Potatoes climate and markets in the livelihood strategies of Altiplano communities in Bolivia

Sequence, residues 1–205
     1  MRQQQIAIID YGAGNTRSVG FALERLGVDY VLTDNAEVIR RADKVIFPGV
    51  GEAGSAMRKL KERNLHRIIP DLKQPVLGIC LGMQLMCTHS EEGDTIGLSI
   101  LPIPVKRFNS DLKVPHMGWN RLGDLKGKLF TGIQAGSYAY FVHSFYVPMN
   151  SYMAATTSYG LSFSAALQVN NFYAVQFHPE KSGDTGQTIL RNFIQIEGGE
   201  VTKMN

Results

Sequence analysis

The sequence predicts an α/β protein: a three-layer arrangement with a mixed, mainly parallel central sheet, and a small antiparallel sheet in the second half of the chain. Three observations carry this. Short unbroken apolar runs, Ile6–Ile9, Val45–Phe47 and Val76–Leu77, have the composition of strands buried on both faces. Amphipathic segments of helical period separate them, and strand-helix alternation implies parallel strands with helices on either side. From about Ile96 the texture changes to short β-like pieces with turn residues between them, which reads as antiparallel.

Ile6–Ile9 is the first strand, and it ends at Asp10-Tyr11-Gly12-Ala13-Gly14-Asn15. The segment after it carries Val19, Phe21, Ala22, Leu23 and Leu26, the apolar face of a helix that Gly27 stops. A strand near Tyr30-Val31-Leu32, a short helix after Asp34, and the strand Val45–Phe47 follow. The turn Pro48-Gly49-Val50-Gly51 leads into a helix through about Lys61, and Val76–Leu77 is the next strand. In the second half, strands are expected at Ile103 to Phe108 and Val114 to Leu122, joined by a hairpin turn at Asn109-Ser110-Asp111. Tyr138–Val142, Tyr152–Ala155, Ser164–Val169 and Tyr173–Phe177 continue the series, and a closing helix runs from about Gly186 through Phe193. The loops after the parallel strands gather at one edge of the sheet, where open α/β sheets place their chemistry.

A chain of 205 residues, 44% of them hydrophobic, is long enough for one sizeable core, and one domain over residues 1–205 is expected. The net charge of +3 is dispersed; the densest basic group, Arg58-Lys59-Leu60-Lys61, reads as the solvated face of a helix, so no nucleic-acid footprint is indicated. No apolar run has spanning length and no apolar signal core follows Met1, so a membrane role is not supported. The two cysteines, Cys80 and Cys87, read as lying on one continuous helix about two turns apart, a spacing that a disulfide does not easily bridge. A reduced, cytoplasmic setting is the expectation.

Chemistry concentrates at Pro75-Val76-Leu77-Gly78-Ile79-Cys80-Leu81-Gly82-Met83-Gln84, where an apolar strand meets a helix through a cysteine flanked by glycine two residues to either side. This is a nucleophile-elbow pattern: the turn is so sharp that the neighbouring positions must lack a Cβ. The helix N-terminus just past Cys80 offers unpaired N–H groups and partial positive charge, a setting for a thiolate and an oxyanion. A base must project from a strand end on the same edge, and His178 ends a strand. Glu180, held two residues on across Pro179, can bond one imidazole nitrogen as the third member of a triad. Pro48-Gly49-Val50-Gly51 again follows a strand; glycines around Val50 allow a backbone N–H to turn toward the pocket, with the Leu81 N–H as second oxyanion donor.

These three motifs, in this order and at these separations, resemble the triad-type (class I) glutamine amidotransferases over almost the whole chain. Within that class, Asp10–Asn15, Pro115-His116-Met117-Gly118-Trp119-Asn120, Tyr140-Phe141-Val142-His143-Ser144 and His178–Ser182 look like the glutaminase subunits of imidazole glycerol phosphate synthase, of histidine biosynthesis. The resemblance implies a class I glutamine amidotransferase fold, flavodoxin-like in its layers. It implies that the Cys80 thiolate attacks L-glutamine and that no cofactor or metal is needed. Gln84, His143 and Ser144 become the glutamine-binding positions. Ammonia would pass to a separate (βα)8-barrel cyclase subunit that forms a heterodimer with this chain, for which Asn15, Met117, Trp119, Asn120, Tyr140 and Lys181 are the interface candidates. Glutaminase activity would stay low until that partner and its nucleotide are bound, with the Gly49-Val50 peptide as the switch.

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Climate change and market uncertainties are drivers that impact on how families, and members within households, in Altiplano communities devise their livelihood strategies, based on capitals accessed and controlled, and the markets in which they are able to participate. Perceptions of risk, feelings of dread about climate changes, prices for their products, and pests affecting their crops may have an effect on the ability to develop climate resilient strategies. Adapting to Change in the Andes, a research collaboration project in the Sustainable Agriculture and Natural Resource Management Collaborative Research Support Program (SANREM CRSP) is studying how climate and markets, are drivers of change in Altiplano ecosystems, through impacts on the environment and on human social systems. Two working hypotheses inform the research. The first focuses on the system drivers. On the one hand climate change, with increased variability and extreme events, has increased the risks in production and directly on livelihoods and wellbeing. On the other, rural communities in the Altiplano, have faced difficulties with markets for their products due to partial integration, and high transactions costs. The second focuses on agency, and how participatory approaches develop knowledge and skills that increase capabilities and agency to negotiate these risks, and develop strategies that reduce the risks posed by both drivers. For the strategies to be sustainable the natural capital must grow. On of the elements of this capital is the biodiversity of potatoes and other Andean tubers.